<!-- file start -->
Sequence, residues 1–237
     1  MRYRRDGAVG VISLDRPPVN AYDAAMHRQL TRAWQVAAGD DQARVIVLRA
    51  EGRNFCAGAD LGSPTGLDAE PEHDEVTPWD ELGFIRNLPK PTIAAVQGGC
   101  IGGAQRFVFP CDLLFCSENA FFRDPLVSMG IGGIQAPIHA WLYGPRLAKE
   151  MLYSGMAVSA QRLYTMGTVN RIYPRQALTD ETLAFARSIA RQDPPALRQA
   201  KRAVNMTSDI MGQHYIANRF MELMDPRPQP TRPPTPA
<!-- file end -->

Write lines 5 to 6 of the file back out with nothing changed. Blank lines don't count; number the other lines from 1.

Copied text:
   151  MLYSGMAVSA QRLYTMGTVN RIYPRQALTD ETLAFARSIA RQDPPALRQA
   201  KRAVNMTSDI MGQHYIANRF MELMDPRPQP TRPPTPA